Force capture of a variable by value while capturing others by reference


#1

I’m a few days into learning rust and have come across a problem of this sort:

struct NoCopy<T>(T);
fn main() {
    let c = NoCopy(42);
    let i = vec![1, 2, 4].into_iter();
    let res = i.flat_map(|a| {
        (0..5).map(|b| a + b + c.0)
    });
    for x in res {
        println!("{}", x);
    }
}

This won’t compile because the inner closure borrows a from the outer closure, but will outlive it. I therefore need to instruct the compiler that the inner closure should instead capture a by value. However, the move keyword will try to capture everything by value, including c. Since the type of c does not implement Copy, this fails since the outer closure is FnMut.

I also tried adding let a = a; into the inner closure, which normally forces a move (I think?), but I get the same \a` does not live long enough` error here. (Meta: Any way to escape these backticks?)

Is there any way to do this? I take it there are no C++11-style capture lists in Rust – why not? Is there a fundamental safety issue, or is it just not yet implemented?


#2

You can do this instead:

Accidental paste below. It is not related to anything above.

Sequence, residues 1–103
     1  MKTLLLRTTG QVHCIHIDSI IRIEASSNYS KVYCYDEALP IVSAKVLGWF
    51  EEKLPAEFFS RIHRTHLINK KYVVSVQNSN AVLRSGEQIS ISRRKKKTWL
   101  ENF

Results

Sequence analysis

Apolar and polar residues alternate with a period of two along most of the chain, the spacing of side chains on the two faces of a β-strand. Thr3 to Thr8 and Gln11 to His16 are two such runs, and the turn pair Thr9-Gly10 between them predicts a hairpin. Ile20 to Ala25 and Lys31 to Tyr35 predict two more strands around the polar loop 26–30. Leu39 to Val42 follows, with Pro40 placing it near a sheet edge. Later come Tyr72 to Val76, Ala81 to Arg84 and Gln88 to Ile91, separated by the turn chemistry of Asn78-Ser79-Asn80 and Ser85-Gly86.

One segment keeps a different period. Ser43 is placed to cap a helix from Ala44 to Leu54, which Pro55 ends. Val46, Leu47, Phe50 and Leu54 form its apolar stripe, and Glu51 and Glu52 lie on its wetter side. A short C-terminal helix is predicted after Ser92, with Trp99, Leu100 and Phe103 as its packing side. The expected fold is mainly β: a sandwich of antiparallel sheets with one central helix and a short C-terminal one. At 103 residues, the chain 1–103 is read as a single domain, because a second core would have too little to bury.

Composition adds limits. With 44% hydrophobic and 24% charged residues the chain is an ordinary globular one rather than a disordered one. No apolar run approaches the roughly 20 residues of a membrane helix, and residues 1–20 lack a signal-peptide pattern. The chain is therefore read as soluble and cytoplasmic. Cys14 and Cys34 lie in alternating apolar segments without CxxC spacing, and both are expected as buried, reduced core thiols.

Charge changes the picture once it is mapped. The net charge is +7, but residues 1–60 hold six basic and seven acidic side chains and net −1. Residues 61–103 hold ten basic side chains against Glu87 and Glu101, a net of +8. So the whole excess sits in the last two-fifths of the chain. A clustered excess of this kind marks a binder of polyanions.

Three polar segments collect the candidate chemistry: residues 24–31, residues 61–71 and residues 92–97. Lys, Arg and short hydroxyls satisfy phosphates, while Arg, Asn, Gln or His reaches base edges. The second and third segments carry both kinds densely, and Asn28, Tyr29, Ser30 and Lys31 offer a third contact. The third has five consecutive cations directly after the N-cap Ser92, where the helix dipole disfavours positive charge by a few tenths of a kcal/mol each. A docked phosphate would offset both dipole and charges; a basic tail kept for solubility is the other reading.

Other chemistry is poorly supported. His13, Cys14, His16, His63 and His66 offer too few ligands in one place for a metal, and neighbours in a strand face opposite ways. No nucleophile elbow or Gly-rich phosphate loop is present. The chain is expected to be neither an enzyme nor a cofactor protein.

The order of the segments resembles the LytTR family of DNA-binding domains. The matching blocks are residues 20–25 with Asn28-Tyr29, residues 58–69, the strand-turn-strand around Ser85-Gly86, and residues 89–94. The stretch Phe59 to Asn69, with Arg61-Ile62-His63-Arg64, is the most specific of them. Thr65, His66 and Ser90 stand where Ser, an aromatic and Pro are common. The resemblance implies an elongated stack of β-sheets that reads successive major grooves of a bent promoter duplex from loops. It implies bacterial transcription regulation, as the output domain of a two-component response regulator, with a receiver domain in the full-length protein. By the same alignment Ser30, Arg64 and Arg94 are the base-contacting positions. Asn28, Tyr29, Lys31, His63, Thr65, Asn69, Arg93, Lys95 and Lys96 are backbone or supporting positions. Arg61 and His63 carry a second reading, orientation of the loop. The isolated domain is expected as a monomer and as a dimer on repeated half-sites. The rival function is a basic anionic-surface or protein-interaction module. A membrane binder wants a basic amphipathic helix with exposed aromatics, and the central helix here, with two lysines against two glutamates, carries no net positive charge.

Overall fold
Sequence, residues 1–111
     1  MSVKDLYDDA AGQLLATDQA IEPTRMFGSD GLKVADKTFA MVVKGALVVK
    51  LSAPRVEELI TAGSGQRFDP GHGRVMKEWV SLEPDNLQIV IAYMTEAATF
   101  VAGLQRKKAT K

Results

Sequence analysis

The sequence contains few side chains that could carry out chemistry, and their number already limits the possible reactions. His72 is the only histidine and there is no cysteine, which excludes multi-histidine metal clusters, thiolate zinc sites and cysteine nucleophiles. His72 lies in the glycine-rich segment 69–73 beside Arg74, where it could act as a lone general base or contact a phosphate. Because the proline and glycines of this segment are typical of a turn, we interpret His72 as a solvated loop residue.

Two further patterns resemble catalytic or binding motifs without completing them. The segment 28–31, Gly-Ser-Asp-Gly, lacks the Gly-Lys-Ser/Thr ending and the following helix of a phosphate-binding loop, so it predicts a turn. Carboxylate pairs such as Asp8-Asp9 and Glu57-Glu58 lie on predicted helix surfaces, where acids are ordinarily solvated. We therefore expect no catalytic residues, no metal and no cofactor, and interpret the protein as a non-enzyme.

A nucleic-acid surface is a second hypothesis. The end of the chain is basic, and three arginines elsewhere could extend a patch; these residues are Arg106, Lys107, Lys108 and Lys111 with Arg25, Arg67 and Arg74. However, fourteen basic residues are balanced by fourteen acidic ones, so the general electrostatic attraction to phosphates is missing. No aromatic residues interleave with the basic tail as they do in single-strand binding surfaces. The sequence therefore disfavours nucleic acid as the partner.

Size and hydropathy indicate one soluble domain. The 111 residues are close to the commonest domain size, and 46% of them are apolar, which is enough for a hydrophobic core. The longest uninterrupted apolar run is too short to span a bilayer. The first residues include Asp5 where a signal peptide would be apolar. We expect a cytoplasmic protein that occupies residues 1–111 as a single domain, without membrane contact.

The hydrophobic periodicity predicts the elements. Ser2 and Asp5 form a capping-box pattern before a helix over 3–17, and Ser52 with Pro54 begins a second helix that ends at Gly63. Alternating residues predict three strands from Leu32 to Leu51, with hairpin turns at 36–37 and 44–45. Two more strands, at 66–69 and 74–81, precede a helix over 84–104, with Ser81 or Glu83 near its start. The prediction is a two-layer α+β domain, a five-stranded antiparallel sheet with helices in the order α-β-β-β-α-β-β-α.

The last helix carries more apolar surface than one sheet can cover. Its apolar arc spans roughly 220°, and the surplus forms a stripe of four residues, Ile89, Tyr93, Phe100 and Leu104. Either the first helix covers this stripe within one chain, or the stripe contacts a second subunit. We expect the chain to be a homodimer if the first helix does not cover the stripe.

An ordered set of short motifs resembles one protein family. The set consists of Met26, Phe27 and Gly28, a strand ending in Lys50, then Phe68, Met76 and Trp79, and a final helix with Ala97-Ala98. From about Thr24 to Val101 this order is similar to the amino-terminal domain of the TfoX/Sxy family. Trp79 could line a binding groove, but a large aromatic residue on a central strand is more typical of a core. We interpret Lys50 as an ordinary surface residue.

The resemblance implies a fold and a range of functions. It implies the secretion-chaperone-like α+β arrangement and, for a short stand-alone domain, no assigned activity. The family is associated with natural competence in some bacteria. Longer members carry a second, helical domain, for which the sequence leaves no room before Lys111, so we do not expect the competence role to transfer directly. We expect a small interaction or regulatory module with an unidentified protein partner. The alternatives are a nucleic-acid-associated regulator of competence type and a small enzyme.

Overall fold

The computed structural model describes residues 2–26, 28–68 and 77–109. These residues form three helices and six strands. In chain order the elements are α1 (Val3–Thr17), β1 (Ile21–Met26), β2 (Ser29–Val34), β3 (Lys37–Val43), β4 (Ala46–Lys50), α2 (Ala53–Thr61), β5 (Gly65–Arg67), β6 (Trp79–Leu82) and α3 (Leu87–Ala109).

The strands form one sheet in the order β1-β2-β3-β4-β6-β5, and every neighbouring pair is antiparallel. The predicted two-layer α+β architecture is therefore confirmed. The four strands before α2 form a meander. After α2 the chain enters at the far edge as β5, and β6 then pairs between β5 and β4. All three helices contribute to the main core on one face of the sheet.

let res = i.flat_map(|a| {
        let cr = &c.0;
        (0..5).map(move |b| a + b + cr)
    });

So capture c.0 by reference, and then move in the inner closure.


Basic question about closures, move, Vec<T>
#3

Actually, I can even do:

    let res = i.flat_map(|a| {
        let cr = &c;
        (0..5).map(move |b| a + b + cr.0)
    });

which is more generally useful (e. g. for me, c is a HashMap and I perform lookups in the inner lambda.) Still, quite a hoop to jump through.


#4

Yeah, indeed it doesn’t matter since you’re creating an immutable reference and those are fine to move (actually, copy) around.

If you squint, that’s your capture list specification :slight_smile:.


#5

I guess that is a way to look at it :smile: especially since I don’t even need to change the name, let c = &c; works just as well. It’s a bit verbose, but, oh well. Thanks!


#6

Yup, you can shadow the binding.

By the way, the need to sometimes borrow some of the environment and move the rest was discussed a bit yesterday here: Basic question about closures, move, Vec<T>


#7

I always seem to run into those immediately …